It should be understood that the implementation of other variations and modifications of the invention in its various aspects will be apparent to those of ordinary skill in the art, and that the invention is not limited by the specific embodiments described. For example, the apparatus and methods may be implemented using any suitable combination of hardware, software and firmware. Also, the functions of one element may be shared or varied to other suitable elements as desired. It is therefore contemplated to cover by the present invention, any and all modifications, variations, or equivalents that fall within the spirit and scope of the basic underlying principles disclosed and claimed herein.
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|U.S. Classification||712/226, 703/26, 712/228, 712/227|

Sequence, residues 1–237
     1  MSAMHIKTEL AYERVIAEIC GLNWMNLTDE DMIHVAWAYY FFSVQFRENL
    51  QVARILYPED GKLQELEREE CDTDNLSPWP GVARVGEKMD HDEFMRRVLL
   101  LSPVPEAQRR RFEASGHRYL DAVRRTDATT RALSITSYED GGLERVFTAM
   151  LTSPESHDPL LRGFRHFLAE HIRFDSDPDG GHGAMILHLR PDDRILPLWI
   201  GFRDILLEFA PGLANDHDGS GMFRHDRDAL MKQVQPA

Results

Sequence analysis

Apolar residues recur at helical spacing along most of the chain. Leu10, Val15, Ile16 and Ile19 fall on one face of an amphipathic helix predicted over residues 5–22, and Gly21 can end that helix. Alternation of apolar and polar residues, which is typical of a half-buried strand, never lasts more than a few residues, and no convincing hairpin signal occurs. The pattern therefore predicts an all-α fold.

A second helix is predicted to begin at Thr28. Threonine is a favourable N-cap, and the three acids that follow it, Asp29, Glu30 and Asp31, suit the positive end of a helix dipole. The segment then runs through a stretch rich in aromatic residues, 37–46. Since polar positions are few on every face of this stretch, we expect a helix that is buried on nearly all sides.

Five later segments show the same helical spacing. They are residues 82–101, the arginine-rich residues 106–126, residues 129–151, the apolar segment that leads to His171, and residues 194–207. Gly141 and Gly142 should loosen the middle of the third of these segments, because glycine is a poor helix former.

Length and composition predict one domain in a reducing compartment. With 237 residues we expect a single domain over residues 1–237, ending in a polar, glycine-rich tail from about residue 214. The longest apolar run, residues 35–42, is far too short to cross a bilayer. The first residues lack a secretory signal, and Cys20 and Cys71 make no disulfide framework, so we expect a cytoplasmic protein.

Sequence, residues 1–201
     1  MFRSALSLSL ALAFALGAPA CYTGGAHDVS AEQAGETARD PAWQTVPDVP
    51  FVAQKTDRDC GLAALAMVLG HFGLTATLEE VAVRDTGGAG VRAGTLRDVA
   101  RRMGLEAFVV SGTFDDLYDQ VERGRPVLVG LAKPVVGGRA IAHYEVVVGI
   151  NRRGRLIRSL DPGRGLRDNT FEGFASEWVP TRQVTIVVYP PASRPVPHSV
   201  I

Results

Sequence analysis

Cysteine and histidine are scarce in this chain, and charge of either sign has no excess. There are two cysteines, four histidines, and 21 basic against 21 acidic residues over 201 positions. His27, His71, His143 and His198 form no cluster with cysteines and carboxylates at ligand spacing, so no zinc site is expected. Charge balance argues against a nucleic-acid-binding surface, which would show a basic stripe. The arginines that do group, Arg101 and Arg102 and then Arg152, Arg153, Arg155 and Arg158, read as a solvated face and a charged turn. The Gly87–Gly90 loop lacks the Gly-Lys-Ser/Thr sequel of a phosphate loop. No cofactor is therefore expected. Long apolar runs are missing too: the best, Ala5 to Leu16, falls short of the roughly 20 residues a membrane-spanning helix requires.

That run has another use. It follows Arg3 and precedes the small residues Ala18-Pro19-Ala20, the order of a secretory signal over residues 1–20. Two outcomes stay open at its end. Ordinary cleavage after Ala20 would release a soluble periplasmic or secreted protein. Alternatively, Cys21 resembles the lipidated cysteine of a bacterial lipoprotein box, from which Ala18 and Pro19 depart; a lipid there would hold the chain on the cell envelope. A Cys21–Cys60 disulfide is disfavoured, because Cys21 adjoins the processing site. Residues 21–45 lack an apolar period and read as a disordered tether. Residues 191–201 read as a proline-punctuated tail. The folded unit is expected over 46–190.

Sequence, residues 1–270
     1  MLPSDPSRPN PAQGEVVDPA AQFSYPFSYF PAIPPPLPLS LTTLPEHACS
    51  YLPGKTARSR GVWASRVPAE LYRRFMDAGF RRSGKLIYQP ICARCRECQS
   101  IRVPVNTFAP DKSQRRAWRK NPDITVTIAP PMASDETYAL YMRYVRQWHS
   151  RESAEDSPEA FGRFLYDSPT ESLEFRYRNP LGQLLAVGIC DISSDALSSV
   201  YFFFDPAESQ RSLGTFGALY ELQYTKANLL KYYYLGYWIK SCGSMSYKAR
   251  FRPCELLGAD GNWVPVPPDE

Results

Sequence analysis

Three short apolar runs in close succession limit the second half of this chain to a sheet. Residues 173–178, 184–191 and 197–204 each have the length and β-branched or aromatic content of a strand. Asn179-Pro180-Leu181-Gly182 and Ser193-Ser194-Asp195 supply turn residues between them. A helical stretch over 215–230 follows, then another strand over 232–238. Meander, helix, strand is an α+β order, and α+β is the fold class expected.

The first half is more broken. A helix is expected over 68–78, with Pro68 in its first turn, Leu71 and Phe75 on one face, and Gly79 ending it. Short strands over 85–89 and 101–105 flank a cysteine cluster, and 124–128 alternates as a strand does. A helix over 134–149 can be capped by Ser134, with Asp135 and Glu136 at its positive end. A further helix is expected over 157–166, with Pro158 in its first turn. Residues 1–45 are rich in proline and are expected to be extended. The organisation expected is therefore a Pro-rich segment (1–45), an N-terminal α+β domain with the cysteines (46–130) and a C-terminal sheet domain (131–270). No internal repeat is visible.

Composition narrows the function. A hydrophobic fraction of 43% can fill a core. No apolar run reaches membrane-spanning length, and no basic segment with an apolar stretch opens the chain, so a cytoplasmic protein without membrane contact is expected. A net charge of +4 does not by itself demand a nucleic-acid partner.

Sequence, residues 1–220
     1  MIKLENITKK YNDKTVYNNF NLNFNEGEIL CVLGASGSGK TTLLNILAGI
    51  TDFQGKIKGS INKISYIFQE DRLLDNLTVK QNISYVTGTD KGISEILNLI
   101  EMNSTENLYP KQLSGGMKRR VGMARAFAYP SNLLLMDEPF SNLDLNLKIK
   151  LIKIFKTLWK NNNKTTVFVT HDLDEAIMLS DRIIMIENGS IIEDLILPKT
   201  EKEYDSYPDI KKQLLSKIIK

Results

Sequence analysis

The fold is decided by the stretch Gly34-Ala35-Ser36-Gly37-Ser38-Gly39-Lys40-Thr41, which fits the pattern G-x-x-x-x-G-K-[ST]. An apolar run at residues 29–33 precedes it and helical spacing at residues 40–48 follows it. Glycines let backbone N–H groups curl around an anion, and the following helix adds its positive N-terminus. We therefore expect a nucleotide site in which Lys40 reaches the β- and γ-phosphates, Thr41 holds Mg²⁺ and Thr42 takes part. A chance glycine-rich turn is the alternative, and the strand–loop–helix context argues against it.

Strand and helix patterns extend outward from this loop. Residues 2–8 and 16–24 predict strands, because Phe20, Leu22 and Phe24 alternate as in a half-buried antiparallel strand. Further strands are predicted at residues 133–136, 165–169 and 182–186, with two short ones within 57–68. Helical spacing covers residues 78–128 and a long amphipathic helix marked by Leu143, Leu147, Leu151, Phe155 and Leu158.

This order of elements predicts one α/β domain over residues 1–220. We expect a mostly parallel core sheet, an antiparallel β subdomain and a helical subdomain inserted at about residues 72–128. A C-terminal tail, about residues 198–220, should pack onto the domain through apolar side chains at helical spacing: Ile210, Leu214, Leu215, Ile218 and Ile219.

|Nov 9, 1999||AS||Assignment|
Owner name: ATI INTERNATIONAL SRL, BARBADOS
Free format text: ASSIGNMENT OF ASSIGNORS INTEREST;ASSIGNOR:VAN DYKE, DON A.;REEL/FRAME:010389/0421
Effective date: 19991104
|Sep 18, 2008||FPAY||Fee payment|
Year of fee payment: 4
|Nov 30, 2009||AS||Assignment|
Owner name: ATI TECHNOLOGIES ULC, CANADA
Free format text: ASSIGNMENT OF ASSIGNORS INTEREST;ASSIGNOR:ATI INTERNATIONAL SRL;REEL/FRAME:023574/0593
Effective date: 20091118
Owner name: ATI TECHNOLOGIES ULC,CANADA
Free format text: ASSIGNMENT OF ASSIGNORS INTEREST;ASSIGNOR:ATI INTERNATIONAL SRL;REEL/FRAME:023574/0593
Effective date: 20091118
|Oct 4, 2012||FPAY||Fee payment|
Year of fee payment: 8